Vincent:
In Blackwings, I don't think "Dark End Dragon" is all that useful, as you won't Summon it every game, but in Zombie variants, it's a great weapon. It's really easy to Summon with "Doomkaiser Dragon"/"Revived King Ha Des" and "Plaguespreader Zombie". It's a solid option when the opponent has a "Judgment Dragon" on the field that's backed up by "Necro Gardnas" for example. In that scenario, Brionac is not nearly as strong as Dark End (since they can just Summon JD again next turn), but it's a really good Synchro in its own right when combined with "Mezuki" and Plaguespreader.




PJ:
Just a quick question that many readers would like to know; What's the difference between a 'good' player and a 'pro' player? Is it talent, or is it something that the player can learn?


Vincent:
There's a big difference between the two, I think. A 'pro' player spends a lot of time building and testing his Deck. The Side Deck is really important too, you'll need concrete answers for every type of Deck you're playing against at a big event. In a match, a 'pro' can count his outs to play, and figure out the best one(s). A 'pro' will always anticipate the opponents move, especially in this format. It's so easy to know when your opponent has key cards like JD and "Chaos Sorcerer", and play around this. Talent is important too, but even if you win a lot of tournaments, you'll always learn something new in every match you play.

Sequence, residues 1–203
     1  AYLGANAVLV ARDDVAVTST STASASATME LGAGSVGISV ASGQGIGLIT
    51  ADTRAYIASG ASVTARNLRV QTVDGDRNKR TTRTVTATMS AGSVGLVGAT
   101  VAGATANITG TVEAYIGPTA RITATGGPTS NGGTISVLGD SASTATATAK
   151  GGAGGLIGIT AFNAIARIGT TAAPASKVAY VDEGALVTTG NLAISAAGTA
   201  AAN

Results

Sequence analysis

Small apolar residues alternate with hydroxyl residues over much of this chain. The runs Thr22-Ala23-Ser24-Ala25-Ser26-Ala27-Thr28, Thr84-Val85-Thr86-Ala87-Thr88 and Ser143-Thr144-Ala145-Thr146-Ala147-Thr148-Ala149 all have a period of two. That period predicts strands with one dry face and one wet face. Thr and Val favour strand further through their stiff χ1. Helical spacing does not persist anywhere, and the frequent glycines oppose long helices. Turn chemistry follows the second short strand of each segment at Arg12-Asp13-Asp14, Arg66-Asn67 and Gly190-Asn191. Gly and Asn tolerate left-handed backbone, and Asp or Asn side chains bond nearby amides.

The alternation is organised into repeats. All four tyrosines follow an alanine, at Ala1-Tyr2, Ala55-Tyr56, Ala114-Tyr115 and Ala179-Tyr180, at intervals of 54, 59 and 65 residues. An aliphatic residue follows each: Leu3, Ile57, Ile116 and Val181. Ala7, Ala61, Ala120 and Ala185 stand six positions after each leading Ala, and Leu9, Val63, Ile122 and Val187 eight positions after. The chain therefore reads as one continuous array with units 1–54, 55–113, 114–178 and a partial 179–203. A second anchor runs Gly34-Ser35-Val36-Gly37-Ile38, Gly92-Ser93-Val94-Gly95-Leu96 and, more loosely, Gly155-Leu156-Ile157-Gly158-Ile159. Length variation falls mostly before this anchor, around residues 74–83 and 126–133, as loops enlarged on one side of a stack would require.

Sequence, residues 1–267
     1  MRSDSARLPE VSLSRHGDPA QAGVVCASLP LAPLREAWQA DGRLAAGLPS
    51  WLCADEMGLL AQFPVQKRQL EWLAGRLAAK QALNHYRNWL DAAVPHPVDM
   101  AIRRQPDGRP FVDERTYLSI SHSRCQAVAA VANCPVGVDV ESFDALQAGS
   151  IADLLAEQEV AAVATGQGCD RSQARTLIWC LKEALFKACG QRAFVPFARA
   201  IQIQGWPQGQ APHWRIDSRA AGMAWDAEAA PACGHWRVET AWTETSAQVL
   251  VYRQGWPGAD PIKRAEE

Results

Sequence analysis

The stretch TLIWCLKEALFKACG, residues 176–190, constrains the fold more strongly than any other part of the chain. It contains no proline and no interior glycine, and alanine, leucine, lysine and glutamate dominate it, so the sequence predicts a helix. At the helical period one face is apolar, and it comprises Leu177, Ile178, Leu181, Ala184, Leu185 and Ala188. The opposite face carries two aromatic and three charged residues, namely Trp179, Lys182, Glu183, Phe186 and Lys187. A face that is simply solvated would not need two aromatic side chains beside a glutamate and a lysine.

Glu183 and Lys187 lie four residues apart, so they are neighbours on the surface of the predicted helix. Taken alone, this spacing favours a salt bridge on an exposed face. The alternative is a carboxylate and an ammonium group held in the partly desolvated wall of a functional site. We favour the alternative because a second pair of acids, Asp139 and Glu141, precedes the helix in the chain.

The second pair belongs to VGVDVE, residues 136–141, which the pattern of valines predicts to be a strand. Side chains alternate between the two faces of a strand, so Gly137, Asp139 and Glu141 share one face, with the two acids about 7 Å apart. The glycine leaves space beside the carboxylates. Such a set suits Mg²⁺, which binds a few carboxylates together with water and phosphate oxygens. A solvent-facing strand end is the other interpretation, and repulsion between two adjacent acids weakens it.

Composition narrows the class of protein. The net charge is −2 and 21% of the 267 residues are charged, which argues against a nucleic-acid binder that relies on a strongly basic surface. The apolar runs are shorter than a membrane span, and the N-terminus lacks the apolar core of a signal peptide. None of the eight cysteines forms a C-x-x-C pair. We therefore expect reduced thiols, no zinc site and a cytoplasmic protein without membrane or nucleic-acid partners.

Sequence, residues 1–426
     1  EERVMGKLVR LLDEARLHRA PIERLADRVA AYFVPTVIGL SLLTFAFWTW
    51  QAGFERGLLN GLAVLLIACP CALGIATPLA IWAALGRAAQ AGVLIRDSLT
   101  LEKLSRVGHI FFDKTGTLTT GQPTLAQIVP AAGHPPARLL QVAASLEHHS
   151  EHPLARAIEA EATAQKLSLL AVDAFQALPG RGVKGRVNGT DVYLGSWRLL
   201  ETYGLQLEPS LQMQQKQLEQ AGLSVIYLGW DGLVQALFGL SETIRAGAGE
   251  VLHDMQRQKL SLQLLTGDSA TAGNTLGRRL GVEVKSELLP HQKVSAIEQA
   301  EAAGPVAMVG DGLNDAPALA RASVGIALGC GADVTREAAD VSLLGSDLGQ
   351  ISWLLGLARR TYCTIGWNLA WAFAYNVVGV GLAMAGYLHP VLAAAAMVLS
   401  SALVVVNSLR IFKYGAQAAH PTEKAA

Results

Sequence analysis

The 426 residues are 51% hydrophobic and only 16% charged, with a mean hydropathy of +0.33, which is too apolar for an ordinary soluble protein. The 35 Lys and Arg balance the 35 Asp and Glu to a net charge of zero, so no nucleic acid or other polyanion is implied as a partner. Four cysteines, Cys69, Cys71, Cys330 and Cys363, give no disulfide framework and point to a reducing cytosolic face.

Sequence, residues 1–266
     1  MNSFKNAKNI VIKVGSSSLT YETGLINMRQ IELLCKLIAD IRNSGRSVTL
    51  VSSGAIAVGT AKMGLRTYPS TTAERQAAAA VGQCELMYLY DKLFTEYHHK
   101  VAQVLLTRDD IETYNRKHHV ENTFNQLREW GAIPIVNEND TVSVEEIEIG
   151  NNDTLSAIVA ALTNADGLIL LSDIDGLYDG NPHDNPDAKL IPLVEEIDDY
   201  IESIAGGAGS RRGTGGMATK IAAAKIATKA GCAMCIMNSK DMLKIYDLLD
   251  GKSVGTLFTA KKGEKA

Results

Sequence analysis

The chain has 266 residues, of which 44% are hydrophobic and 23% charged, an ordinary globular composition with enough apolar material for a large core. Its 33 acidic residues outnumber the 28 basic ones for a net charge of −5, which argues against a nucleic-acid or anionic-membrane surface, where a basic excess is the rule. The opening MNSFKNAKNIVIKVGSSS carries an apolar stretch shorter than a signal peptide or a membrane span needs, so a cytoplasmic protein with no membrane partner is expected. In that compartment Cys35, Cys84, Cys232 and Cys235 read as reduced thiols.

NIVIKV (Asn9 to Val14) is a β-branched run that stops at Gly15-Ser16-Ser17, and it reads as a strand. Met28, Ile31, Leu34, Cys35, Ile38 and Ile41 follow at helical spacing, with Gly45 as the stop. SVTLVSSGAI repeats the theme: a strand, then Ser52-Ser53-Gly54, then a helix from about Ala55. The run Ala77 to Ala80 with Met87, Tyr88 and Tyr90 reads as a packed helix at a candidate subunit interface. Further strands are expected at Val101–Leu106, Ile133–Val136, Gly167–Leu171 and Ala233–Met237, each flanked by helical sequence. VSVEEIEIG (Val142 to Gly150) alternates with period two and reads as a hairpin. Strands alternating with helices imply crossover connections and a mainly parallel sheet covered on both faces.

PJ:
Finally Vincent, what's next for you and Team Dragon Blanc? Will you be attending SJC Los Angeles, or playing in any big events in Europe any time soon?


Vincent:
I'll ask my sponsor about SJC Los Angeles, I see on the forums that players like Chris Gehring from New Zealand are going, and many top European are trying to go too. I really want to play in this tournament. As for Europe, we're still waiting for Konami to organise big events like the Fortune Tour, or maybe even SJCs of our own. We haven't heard anything though, and have to make do with big unofficial events like UkayPro Championship and The Irish Open. I hope we hear something from Konami Europe soon.



PJ:
Thanks for taking time out to dop this interview Vincent, and I hope we meet again soon.


Vincent:
No problem, I hope my English wasn't too bad for you!


If you want to read more on SJC Columbus, head over to the official coverage site to catch up on all the action.



Note: Poritons of this interview have been edited for readibility reasons, due to the fact that English is not Vincent's first language.